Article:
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Perspectives on love

Perspectives on love

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Perspectives on love

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  1. Perspectives on love Neurochemistry revelations vs. 12th century passion and commitment

  2. What is love? • A growing, giving, voluntary feeling of intense affection and commitment to another? • OR • An intoxicating, overpowering mix of neurotransmitters fine-tuned by evolutionary processes to draw us together to reproduce?

  3. Does this sound familiar? • You meet and subsequently become deeply attracted to someone. • You constantly think of them. • You tingle in their presence. • You plan on reunion whenever apart. • You worry about whether they share your feelings. • You are utterly devastated if they do not.

  4. The real chemistry of love • Just as they influence our mood, energy levels, motor skills, and impulse control, neurotransmitters have a profound effect on sexual attraction. • Two appear to have a particularly dramatic role to play – phenylethylamine (PEA) and dopamine.

  5. Phenylethylamine “pea” • A neurotransmitter closely associated with intense passion and attraction • Surging levels accompany the initial elation and intense excitement and euphoria of new love • Chemically similar to amphetamines • “ When we meet someone who is attractive to us, the whistle blows at the PEA factory.”

  6. examples • Love at first sight • The “thunderbolt” • A “crush”

  7. dopamine • Allied to pleasure, reward, and addiction • Its release produces great pleasure, “telling” us what we like • Also similar to amphetamines • MRI’s of those passionately in love demonstrate that a picture of our beloved leads to heightened activity in parts of the frontal lobes saturated with dopamine receptors

  8. Effects on behavior and experience • We can talk all night • We’ll sacrifice sleep – we don’t seem to need it anyway • The whole world seems to pulse with new beauty and excitement • We focus on the object of our desire • We take risks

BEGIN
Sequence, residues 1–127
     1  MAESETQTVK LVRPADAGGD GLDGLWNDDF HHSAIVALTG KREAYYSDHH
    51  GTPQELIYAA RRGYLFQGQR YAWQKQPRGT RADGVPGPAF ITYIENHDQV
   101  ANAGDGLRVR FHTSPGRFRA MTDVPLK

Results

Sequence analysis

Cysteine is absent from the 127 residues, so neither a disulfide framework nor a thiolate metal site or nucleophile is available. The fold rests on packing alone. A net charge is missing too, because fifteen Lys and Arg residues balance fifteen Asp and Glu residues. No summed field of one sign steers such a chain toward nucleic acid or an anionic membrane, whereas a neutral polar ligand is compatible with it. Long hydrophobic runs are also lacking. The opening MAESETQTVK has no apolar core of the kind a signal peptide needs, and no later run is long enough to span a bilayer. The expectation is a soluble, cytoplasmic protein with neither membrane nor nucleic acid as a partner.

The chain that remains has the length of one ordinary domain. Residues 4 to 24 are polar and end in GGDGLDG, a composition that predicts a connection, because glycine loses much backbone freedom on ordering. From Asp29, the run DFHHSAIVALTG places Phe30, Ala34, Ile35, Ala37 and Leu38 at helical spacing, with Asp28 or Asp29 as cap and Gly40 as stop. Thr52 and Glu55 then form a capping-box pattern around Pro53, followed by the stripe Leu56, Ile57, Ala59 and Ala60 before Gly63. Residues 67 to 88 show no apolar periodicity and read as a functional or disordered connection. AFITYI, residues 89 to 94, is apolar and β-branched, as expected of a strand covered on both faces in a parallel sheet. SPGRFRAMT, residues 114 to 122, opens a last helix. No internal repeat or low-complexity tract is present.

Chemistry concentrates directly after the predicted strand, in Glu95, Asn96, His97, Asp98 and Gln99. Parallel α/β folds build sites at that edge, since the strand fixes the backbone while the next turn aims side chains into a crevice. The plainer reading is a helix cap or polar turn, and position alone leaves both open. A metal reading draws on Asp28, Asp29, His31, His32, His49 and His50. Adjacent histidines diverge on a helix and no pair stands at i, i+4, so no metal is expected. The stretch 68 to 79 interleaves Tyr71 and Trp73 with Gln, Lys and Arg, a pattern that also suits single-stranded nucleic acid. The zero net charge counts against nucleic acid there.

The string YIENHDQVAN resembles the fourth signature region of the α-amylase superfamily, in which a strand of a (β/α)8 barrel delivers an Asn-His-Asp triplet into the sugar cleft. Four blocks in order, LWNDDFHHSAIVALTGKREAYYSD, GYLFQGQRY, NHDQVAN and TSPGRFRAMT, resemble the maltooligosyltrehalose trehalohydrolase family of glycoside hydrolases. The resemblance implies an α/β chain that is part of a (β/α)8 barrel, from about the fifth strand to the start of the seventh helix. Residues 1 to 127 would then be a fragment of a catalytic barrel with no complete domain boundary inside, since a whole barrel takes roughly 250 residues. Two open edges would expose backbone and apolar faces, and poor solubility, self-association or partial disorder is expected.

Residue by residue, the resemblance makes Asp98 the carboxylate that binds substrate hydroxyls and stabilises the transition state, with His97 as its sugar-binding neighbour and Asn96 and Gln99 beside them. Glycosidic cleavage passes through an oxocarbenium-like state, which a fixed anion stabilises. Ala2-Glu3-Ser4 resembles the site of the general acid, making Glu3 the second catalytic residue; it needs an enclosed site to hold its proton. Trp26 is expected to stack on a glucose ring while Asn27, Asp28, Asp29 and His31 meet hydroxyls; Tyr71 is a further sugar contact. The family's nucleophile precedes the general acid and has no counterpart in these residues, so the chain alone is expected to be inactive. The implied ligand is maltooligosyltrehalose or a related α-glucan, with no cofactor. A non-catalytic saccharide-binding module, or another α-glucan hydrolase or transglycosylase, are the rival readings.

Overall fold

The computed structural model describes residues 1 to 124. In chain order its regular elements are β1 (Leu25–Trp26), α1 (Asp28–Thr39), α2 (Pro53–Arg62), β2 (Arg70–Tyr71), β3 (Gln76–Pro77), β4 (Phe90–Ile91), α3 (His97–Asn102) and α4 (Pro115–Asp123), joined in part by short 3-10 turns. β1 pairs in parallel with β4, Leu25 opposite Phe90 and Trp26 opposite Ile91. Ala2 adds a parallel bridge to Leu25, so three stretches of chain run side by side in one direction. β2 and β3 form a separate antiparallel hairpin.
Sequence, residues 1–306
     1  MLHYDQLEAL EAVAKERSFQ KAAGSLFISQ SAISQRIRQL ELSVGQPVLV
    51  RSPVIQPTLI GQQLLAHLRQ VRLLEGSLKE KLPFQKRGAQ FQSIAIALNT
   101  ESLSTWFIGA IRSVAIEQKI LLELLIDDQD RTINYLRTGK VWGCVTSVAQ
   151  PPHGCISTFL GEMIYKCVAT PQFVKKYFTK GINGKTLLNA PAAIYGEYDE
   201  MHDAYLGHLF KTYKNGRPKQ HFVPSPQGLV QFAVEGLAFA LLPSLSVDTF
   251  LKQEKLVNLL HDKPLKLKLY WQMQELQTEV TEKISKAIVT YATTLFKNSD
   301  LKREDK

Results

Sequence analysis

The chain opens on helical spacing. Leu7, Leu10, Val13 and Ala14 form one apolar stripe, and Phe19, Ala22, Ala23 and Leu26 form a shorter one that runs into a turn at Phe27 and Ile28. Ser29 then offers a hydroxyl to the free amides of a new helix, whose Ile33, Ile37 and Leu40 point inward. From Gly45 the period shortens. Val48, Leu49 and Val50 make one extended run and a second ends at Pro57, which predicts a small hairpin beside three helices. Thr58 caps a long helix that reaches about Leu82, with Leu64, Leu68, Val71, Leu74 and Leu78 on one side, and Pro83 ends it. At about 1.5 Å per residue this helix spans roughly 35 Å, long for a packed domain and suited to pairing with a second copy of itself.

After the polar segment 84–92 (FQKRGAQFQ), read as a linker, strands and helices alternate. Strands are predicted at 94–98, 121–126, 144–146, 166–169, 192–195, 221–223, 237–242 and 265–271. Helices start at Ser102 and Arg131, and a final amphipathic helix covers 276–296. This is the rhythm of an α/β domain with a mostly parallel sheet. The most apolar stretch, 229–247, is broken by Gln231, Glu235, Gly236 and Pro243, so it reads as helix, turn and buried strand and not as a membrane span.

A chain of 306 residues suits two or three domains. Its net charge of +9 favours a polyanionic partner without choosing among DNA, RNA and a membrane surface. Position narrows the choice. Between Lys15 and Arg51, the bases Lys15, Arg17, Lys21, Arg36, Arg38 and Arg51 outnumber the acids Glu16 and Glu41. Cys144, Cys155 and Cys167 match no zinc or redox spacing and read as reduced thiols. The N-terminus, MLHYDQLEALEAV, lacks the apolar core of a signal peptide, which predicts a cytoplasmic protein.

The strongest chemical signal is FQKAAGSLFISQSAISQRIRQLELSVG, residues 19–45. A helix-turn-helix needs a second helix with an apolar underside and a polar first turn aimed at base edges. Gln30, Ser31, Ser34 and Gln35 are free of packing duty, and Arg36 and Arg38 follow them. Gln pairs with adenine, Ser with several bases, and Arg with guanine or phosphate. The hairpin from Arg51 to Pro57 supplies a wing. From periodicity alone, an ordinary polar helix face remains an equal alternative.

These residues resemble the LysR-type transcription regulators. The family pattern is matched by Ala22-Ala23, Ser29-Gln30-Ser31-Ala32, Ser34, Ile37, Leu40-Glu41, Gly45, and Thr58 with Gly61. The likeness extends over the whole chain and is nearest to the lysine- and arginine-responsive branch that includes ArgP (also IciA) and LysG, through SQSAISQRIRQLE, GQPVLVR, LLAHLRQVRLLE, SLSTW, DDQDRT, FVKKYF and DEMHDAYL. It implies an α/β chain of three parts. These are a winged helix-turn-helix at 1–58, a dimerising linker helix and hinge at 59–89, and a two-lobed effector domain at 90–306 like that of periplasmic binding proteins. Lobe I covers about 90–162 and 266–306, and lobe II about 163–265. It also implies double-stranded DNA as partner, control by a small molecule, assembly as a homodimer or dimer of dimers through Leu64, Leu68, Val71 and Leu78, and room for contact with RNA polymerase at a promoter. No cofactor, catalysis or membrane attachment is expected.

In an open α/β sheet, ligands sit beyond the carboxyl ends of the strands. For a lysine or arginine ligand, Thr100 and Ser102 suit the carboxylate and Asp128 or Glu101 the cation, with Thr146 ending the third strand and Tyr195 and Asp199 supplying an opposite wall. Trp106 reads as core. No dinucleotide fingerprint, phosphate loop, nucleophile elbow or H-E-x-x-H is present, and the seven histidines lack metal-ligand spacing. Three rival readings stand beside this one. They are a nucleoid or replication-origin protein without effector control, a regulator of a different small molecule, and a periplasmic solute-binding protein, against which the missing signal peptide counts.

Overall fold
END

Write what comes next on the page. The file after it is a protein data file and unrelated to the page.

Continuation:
9. The down side • We are anxious and awkward like never before • We can be overly sensitive and emotional • And if things go bad …. We feel searing emotional pain We can’t sleep or suffer “early rising” We feel worthless, humiliated • It’s like withdrawal from an addictive drug

  10. As time goes on … • Even if we stay together, the potency of this “chemical cocktail” slowly fades • We just can’t maintain this high • Maybe it’s a simple matter of building tolerance • Or maybe it’s because we just need four years of intense bonding for two parents to conceive and nurture their child

  11. Chemistry and love part ii • But just because the neurotransmitters aligned with infatuation fade, does that mean that such chemicals play no further role in keeping couples together? • Nope, different neurotransmitters and hormones exert their influence to keep us together.

  12. Endorphins to the rescue • Some theorists contend that as the intense passion and lust prompted by PEA and dopamine fades, the brain produces more and more endorphins soothing us with their morphine-like effects • They give us security and serenity • But if their source vanishes, for whatever reason, nasty withdrawal ensues

  13. The “cuddle” chemical • Another chemical influence that keeps couples together is the hormone oxytocin • Released when we express physical affection, especially through skin contact • Hugging, massage, foreplay, and especially, breast feeding • Strong feelings of intimacy and contentment • Prairie voles have it in spades, until ….

  14. And then there’s testosterone • A hormone crucial for sexual interest and response for both men and women • Women have much less, but are more sensitive to its effects • Produced in the male’s testes and women’s ovaries • If a male endures castration (surgical removal of the testes) his sexual interest and activity diminish dramatically

  15. Behaviors that bind us • Gottman examined why relationships last and thrive or fade and fail • The 5 to 1 ratio • Successful relationships have at least 5 positive interactions to every negative interaction • More important than compatibility, frequency of fights, etc.